The Orphans is mostly set in the rural Tanzania I remember from the early 1980s, but some of the technologies used are much more recent. To that extent, it is anachronistic. Don’t forget, though; it is fictional, made up, lies. All of it.
Max Matham is a self-employed freelance forensic accountant living in a quiet village in Buckinghamshire. Della Jont is a hard-nosed businesswoman who presses Max into working for her, investigating alleged financial irregularities at an orphanage in East Africa. Max soon finds that some disturbing things are going on at the orphanage, and becomes involved in a set of intriguing events involving orphans, government agencies, witch-doctors, an old university chum and a multinational pharmaceutical company.
Beginning on 10 January 2016, I am publishing The Orphans here as a serial; one scene each Sunday.
The full list of scenes so far published is here
The Orphans. Chapter Eighteen, scene one: In UK.
The conference over, Lindy and I awarded ourselves the luxury of a long weekend at leisure in UK. Lindy had expressed a hankering to visit Lindisfarne, to see what was behind his name – he had already downloaded all the output from that group and was memorising some of their songs. I waved him off as he took the northbound train and told him to make sure he was back in our central London hotel by Monday evening. I said I’d meet him at seven, and he was not to be late.
I went back to my house to check that everything was in order, and contacted an agency to set up a contract for them to manage the house, and to offer it for rental, furnished, for discrete but renewable fixed periods of six months. My feeling was that it could be some time before I returned to live in UK again, but I wasn’t ready to sell up, not yet anyway. For the first time in many months I slept in my own bed in my own house. It was a rare pleasure, but a little chilly after months in East Africa. I signed the contract with the property agency, handed them the keys and returned to London.
On a hunch, I called Danny Cho from the hotel on Monday afternoon.
“I’m glad you’ve called, Max,” he said. “I have a bit of a situation developing here. I’m sure I can deal with it, but it would be good to have some Head Office support, in case it turns ugly. I was going to ask Mr Knight to come out, but as he is on some kind of sabbatical… Not that I don’t think he deserves one, you understand; he most surely does, but it does mean he’s not available.”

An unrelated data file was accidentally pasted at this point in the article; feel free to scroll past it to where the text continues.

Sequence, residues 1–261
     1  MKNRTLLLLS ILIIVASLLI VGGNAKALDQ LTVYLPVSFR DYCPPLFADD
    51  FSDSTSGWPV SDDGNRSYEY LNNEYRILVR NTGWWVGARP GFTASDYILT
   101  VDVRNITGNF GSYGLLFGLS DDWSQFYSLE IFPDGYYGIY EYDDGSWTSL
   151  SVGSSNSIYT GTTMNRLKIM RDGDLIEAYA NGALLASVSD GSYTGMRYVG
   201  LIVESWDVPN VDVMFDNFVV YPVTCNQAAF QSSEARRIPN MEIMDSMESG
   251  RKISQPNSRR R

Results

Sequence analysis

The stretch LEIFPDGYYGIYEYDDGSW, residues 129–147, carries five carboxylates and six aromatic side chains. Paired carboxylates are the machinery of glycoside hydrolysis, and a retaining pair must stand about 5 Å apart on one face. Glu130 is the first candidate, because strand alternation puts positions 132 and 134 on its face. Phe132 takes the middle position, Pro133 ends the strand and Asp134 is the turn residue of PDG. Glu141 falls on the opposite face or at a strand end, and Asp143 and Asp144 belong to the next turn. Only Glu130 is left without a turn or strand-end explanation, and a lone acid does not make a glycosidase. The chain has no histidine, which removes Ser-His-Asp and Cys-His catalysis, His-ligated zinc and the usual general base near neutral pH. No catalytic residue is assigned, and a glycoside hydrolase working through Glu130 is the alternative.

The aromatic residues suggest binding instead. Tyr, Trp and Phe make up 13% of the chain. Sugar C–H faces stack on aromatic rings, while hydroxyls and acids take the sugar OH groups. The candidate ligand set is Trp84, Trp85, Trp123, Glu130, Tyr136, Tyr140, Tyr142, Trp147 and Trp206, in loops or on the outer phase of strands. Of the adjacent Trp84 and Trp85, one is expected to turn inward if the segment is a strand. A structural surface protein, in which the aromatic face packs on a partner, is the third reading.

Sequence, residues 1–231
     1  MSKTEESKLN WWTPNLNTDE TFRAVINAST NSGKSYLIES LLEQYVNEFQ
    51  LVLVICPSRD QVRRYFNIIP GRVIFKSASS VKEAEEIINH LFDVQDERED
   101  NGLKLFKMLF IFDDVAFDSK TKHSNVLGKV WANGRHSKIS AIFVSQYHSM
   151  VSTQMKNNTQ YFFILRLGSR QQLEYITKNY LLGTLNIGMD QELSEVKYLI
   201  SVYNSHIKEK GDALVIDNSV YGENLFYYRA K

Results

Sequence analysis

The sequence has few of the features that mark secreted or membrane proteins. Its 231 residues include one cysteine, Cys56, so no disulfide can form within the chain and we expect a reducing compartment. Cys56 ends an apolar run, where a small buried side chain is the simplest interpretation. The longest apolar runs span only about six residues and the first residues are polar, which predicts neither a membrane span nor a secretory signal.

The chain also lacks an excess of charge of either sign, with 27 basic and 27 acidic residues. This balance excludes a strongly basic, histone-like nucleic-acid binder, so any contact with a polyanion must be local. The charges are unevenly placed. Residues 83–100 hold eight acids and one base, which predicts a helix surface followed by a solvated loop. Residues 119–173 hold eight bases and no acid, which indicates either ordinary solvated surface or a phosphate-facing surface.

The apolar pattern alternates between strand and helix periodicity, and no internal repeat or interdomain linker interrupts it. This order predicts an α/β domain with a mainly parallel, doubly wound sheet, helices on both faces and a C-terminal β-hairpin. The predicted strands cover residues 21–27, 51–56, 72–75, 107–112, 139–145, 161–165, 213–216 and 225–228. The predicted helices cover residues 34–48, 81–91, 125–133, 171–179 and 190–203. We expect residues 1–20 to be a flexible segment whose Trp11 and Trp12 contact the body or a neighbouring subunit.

“So I’ll have to do instead?”
“That’s not what I meant. I was going to say that as you have his full authority, your presence is every bit as good as his.”
“Okay, I’ll take that. This situation; is it likely to turn ugly, as you put it?”
“I hope not, and I don’t think so, but I would rather be safe than sorry.”
“Tell me about it, Danny,” I said.
“It’s a staff problem, Max. I have a strong feeling that one of my senior people is passing information to a competitor. Our market share is falling at similar rate to that by which his personal finances are improving,” he explained.
“Do you have anything more to go on than your strong feeling?” I asked.
“Not yet, but I’m working on it.”
“I can’t come across next week, but the week after I probably could. Is that any help?”
“It certainly is, Max. Let me know your arrival details, and I’ll fix up transport and hotel for you.”
When I met Lindy for dinner, I told him about my conversation with Danny.
“We’ll tie up any loose ends next week,” I said, “then you’ll be on your own for a week or so. Think you can handle that?”
“I think I’m going to be on my own quite a lot, Max,” he replied. “Listen, you are going to be mega-important, looking after finance for the company worldwide, and totally in charge in Africa. If I was just your PA, I’d probably be swanning around all over the place with you, but I’m not just your PA, am I? I am in charge of my own division. My place is in Dar-es-Salaam, running Holy Island Services.”
“Not entirely, Lindy. I do expect you to support me on some my trips, just not this one; it’s too early. We’ll talk about this in detail later.”
The day I had planned to go to Singapore, Hannice’s father died. I got word through to Sophie that I would stay around for the funeral. I wanted to support Hannice at this time, and as I had known the old man, if only a little, I really did want to pay my respects.
The funeral took place three days later, and was rather a grand affair. It was, undoubtedly, more than Hannice’s father would have wanted, but he was a high-profile man, loved and respected by a lot of people. Those people wanted to come and pay their respects, and after all, the funeral isn’t for the benefit of the deceased, it’s for those that are left behind. I often thought that the wishes of the subject of the ceremony were largely irrelevant.
Among the people who attended the old boy’s send-off were all of Knight’s regional directors as well as all the senior personnel, and many of the junior ones, from his head office. The presence of all of these people prompted a number of meetings, including one at which I repeated my plans, both as CFO in relation to the regional offices, and for the Africa region under my charge.
Danny Cho asked me when I would be able to visit him; he was planning to return to Singapore on the Saturday. I told him I would follow him, arriving at his office on Monday afternoon.